Running this 6200C on my laptop presented some interesting challenges. I could not do an automated run of consecutive images because the laptop ran out of memory after the first image was downloaded. I don't know why that is, the laptop has lots of memory but for some reason had trouble with the 359 megabyte images and would crash each time. I also could not calibrate dark frame and flat frame in one step without MaximDL crashing. Even though I was very careful to get good flat frames, the results were really strange, especially when more than 2 calibrated images were combined. All of these problems went away when I used only 80% of the chip area for each image.

Rolando

-----Original Message-----
From: Luca Marinelli <photo@...>
To: main@ap-gto.groups.io
Sent: Wed, Jun 2, 2021 5:09 am
Subject: Re: [ap-gto] Will the Mach 2 support .....

Thank you for sharing your results, Roland. I was imaging with the Mach2 and my solid tube 10in f4 reflector last night (40lbs fully loaded but with a fairly significant moment arm) and the absolute encoders on the mount make it track smoother and easier than when I use the same scope on my AP1100 without encoders. The difference encoders make in ease of use of a mount is truly remarkable. Obviously imaging results are the same, provided one guides the non-encoder mount appropriately, but it certainly takes a bit more finesse and knowledge with the non-encoder mount.

With regards to the comparison between the QSI683 and the ZWO 6200MC, I wanted to offer some considerations to keep in mind:

1) In spite of the larger diameter of the 160mm optics, the etendue per pixel is 1.76x larger for the 130mm scope given the bigger effective pixel size of the binned KAF8300 sensor. This means that the solid angle of sky seen by each pixel of the KAF8300 sensor  is almost twice as big as the ZWO 6200MC system and signal will accumulate accordingly, even before taking into account quantum efficiency.
2) The ZWO 6200MC has a Bayer matrix in front of the signal. You did not mention what filter you were using with the QSI683 camera but if it was a luminance filter, you are allowing up to about 4x more wavelength bandpass than any of the R, G, or B filters in front of each of the pixels of the ZWO ASI6200MC.
3) The ZWO 6200MC is a variable gain camera. You did not mention what gain setting you were using. If you were using the camera with default gain in the ASCOM driver, it is probably gain 0 (CMOS gain 0.8 e/ADU), which corresponds to the highest full well capacity and dynamic range, but the lowest sensitivity of the camera (signal accumulation measured in ADU per unit time). It should be noted that the camera circuitry changes acquisition mode at gain 100 (CMOS gain 0.28 e/ADU) with a step change in read noise from 3.5e to 1.5e per read. This is a particularly useful gain setting when large full well capacity is not the paramount concern.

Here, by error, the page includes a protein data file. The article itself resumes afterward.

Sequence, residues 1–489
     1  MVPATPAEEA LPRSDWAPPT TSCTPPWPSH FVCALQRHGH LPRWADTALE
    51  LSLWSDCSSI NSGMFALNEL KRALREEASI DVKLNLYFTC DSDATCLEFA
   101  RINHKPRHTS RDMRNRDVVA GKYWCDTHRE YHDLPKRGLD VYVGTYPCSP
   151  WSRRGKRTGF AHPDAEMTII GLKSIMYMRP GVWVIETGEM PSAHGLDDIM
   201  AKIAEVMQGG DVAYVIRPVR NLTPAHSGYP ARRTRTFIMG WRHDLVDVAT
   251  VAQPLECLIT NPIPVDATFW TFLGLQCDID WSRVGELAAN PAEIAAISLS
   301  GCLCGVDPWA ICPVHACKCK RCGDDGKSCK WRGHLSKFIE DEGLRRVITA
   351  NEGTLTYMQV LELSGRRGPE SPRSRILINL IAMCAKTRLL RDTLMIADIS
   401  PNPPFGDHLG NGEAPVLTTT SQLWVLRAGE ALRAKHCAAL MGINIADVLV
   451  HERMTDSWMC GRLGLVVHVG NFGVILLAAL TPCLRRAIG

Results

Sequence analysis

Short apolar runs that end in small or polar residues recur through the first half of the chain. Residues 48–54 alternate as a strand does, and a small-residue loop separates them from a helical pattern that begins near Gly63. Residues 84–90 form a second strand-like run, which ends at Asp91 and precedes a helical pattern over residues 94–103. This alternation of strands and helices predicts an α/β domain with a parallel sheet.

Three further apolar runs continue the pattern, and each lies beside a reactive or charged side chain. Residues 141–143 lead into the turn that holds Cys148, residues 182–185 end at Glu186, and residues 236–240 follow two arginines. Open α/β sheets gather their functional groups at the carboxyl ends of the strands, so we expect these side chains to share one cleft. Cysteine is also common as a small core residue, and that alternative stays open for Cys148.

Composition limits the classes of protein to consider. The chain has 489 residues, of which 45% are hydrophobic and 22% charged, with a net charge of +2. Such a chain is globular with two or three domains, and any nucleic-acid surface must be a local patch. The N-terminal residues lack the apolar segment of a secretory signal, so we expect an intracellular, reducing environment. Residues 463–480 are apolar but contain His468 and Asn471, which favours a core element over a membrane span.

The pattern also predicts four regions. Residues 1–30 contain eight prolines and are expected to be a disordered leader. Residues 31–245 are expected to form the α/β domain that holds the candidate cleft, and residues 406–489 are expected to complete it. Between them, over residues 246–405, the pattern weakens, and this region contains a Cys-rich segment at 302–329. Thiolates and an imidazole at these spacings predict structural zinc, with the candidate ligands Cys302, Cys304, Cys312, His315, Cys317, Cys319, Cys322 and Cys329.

Best,

Luca

--
Roland Christen
Astro-Physics


Re: Back Focus Troubles #Absolute_Encoders

ap@CaptivePhotons.com
 

Andrew:


> In this case the last correcting element does not move with the focuser and distance between the last correcting element and the sensor will change as the focuser is repositioned. In examples where the last correcting element does not move, why is dialing in a specific back focus distance using spacers so critical if the distance is going to change depending on the position of the focuser?

In a terrestrial lens focus distance (indeed even focal length) changes with distance to the subject, due to angles of the corresponding light rays changing with distance.  In Astro work, everything is effectively at the same distance from us (parallel rays, effectively infinity) and the primary reason we actually need a focuser (beyond initial setup) is to correct for temperature change, which is primarily a dimensional changes in the focal path.  While more complex optics make it more complicated (and in theory temperature could affect the glass not just dimensions of the OTA and train), the majority of what the external focuser on the SCT is doing is restoring the same focus length (and so same back focus length), not so much changing it.


Re: Back Focus Troubles #Absolute_Encoders

Andrew J
 

Hi Mike.

This is really good example of the two "types" of back focus, fixed vs. variable. The X back focus distance is fixed will not change when the focuser is repositioned. In this case I could understand the argument for getting the back focus distance as close as possible per the specs of the Field Flattener. However, the Y back focus is variable and will change when the focuser is repositioned. When the back focus is variable, I believe the documented back focus is a "recommended" value to help ensure focus can be achieved within the travel limits of the focuser. In the case where the back focus distance is variable it probably is not worth stressing over every mm of back focus. As long as it is close and still within the travel distance of the focuser then that should be good enough. 

I think you nailed the explanation of the two different types. This has helped me get my head around back focus and understanding the difference between fixed vs. variable back focus. Thank you for your detailed post. 

Andrew


Re: Back Focus Troubles #Absolute_Encoders

Andrew J
 

On Tue, Jun 1, 2021 at 02:01 PM, Dale Ghent wrote:
at it's a good idea to not fixate on a single exact number when it comes to back focus dista